Quality Chess recently published a remarkable book, "Genius in the Background," by Tibor Karolyi and Nick Aplin. It is a wonderful tribute to the coaches who sacrificed their playing careers and helped young talents to become great players. We are introduced to the creative minds around Veselin Topalov and Kasparov, but also to the extraordinary works of chess composers, analysts and other chess personalities. The book is loaded with many fascinating ideas and attractive games.
The following Grunfeld Indian encounter between the imaginative Armenian International Master Ashot Nadanian and the former Russian champion, Konstantin Sakaev, was played on the Internet in 2005.
1.d4 Nf6 2.c4 g6 3.Nc3 d5 4.cxd5 Nxd5 5.Na4 (Nadanian's invention against the Grunfeld Indian. White avoids the knight exchange, threatening 6.e4 and preventing c7-c5 at the same time.) 5...Bg7 (After this normal developing move, Nadanian's idea clicks. Perhaps the only way to punish the white knight's venture to the edge of the board is to strike in the center with 5...e5 6.dxe5 Nc6 and the black pieces fly out quickly.) 6.e4 Nb6 7.Be3 0-0 8.Nf3 f5?! (Attacking the white center this way is too optimistic. It exposes the black king.) 9.exf5 gxf5 10.Nxb6 axb6 11.Bc4+ Kh8? (Black had to play 11...e6, but he most likely underestimated the force of white's attack.)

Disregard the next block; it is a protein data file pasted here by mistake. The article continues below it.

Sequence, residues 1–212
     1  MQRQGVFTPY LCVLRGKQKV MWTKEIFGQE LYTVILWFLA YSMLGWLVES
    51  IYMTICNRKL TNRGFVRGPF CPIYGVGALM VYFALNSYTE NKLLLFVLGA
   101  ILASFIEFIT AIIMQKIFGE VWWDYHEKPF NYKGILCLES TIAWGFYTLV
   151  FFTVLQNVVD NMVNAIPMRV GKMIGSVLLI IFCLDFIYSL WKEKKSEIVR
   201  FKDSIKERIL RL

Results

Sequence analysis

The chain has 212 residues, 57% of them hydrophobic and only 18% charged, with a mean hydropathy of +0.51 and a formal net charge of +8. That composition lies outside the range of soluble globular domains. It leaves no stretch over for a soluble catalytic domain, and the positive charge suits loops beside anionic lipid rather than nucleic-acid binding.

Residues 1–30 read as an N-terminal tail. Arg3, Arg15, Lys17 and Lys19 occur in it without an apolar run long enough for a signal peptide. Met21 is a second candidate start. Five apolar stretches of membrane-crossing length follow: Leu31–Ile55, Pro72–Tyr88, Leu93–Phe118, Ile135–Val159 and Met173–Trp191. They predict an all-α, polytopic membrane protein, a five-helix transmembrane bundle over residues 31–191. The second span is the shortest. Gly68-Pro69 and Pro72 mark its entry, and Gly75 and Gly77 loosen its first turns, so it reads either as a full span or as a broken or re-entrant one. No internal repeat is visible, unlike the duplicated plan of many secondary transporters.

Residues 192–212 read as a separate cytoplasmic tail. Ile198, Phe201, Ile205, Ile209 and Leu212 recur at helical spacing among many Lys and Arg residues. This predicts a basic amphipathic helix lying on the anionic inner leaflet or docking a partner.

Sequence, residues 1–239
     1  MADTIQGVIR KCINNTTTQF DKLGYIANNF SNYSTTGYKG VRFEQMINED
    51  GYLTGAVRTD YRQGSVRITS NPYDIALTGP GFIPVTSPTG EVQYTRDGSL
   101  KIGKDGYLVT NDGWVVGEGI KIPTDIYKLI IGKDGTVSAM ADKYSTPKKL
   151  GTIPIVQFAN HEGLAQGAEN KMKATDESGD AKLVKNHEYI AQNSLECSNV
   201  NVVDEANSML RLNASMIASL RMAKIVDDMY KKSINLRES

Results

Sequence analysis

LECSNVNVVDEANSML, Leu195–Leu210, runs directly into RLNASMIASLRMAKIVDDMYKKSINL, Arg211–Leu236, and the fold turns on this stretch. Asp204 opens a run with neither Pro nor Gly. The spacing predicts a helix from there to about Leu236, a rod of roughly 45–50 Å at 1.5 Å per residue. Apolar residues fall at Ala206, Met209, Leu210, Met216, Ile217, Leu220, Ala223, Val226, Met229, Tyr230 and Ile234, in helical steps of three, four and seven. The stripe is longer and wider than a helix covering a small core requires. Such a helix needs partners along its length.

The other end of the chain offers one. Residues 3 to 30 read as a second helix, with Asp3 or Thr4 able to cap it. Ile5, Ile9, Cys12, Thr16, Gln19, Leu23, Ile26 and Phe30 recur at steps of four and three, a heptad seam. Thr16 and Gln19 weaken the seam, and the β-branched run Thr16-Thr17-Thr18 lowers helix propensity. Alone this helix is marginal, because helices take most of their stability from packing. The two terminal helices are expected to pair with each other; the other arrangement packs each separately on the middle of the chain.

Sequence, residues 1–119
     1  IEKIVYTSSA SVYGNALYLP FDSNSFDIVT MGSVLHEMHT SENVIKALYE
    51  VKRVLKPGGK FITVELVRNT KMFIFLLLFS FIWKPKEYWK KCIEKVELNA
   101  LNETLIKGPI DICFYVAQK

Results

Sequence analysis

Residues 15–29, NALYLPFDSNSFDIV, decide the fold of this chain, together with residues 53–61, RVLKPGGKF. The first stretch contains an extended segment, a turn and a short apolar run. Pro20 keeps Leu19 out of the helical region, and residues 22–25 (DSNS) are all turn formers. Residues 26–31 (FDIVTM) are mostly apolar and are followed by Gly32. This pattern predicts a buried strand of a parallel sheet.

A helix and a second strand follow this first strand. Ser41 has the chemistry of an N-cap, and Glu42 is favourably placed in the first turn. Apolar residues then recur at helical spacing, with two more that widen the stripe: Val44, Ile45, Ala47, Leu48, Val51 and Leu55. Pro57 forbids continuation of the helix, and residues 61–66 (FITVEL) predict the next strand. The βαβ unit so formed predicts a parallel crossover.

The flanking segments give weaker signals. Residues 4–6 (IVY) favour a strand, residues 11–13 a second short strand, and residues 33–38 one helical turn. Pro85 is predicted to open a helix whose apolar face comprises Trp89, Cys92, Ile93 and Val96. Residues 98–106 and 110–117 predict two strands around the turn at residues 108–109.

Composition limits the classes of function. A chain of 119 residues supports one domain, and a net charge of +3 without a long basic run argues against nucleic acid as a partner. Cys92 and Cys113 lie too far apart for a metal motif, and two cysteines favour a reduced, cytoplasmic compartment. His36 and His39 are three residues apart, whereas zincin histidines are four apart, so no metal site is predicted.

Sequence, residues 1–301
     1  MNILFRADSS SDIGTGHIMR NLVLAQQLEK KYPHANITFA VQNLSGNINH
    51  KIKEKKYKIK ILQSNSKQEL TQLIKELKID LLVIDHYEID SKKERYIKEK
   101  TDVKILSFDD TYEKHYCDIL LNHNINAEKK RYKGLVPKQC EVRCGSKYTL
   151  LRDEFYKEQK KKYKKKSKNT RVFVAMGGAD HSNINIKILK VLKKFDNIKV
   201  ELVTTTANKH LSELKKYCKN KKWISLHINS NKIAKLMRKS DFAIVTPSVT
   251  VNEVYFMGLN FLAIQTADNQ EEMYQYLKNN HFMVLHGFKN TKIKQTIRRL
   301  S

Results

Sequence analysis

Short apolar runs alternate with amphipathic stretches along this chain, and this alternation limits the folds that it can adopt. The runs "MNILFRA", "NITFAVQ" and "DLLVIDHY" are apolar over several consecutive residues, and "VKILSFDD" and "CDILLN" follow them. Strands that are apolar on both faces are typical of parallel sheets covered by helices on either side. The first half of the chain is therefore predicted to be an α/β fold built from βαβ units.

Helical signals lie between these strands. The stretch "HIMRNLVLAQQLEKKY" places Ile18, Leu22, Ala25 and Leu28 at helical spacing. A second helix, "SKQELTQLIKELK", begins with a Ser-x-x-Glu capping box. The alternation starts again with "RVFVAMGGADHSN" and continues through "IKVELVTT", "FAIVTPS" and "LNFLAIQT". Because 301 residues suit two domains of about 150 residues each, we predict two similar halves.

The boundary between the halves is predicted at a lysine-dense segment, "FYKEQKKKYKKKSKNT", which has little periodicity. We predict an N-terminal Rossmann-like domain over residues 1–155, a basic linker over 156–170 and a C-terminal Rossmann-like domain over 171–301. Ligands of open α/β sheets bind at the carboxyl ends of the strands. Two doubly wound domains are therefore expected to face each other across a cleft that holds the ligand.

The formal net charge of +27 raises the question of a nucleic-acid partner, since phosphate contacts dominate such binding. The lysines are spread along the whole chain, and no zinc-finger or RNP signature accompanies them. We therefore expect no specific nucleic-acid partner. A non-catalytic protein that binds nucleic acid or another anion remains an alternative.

12.Ng5! Qe8 13.Bf7!! (A shocking deflection allowing the white queen to join the attack.) 13...Rxf7 14.Qh5 Kg8 (After 14...Bf6 15.Nxf7+ Kg7 16.Qh6+! Kxf7 17.Qh5+ Kf8 18.Bh6+ wins.) 15.Qxh7+ Kf8 16.Ne6+!! (The knight sacrifice entombs the black king.) 16...Bxe6 17.Bh6 (A clincher! Black has no good defense against 18.Qh8 mate.) Black resigned.The last news
Several tournaments finished during the last week of 2009. Alexander Grischuk won the 62nd Russian championship with a 6 1/2 -2 1/2 score, a half-point ahead of the five-time Russian champion, Peter Svidler. The eight-game rapid match between two great old-timers, Viktor Korchnoi, 78, and Spassky, 72, in Elista, Russia, ended 4-4. The team of the University of Maryland Baltimore County (UMBC) triumphed at the 2009 Pan-American championship in South Padre Island, Tex. They won all six matches and finished first among 28 teams. Alex Lenderman scored 7-1 and won the Eastern Open in Washington.Puzzle solutions
Last week: White wins by Gleb Zakhodyakin (White: Ka7,Rc6,Nc3,Bh2; Black: Ka1,P:a2,c2,d3,g2): 1.Ne2 dxe2 (or 1...Kb2 2.Rb6+ Ka3 3.Bd6+ Ka4 4.Nc3+ Ka5 5.Bb4 mate.) 2.Be5+ Kb1 3.Rb6+ Kc1 4.Bf4+ Kd1 5.Rd6+ Ke1 6.Bg3+ Kf1 7.Rf6+ Kg1 8.Bf2+ Kf1 (or 8...Kh2 9.Rh6 mate.) 9.Bc5+ Ke1 10.Bb4+ Kd1 11.Rd6+ Kc1 12.Ba3+ Kb1 13.Rb6+ Ka1 14.Be7 c1Q 15.Bf6+ Qb2 16.Rxb2 g1Q+ (or 16...e1Q 17.Rb3+ Qe5 18.Bxe5 mate.) 17.Rb6+ Qd4 18.Bxd4 mate.
Today: White mates in two moves by Sam Loyd (White: Kd1,Qb7,Bg6,Ng5; Black: Kd8,Qg8,Nb8,P:e7,e6): 1.Be8! Kxe8 2.Qc8 mate; 1...Qxe8 2.Nxe6 mate; 1...Qxg5 2.Qxb8 mate.
International grandmaster Lubomir Kavalek began to write for The Washington Post about chess in 1986 and continued for the next 23 years.